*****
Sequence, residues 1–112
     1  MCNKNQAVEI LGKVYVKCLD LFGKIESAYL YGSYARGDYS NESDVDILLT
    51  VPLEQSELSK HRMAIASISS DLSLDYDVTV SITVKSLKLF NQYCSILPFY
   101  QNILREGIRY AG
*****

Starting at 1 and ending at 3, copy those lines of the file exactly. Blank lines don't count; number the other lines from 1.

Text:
Sequence, residues 1–112
     1  MCNKNQAVEI LGKVYVKCLD LFGKIESAYL YGSYARGDYS NESDVDILLT
    51  VPLEQSELSK HRMAIASISS DLSLDYDVTV SITVKSLKLF NQYCSILPFY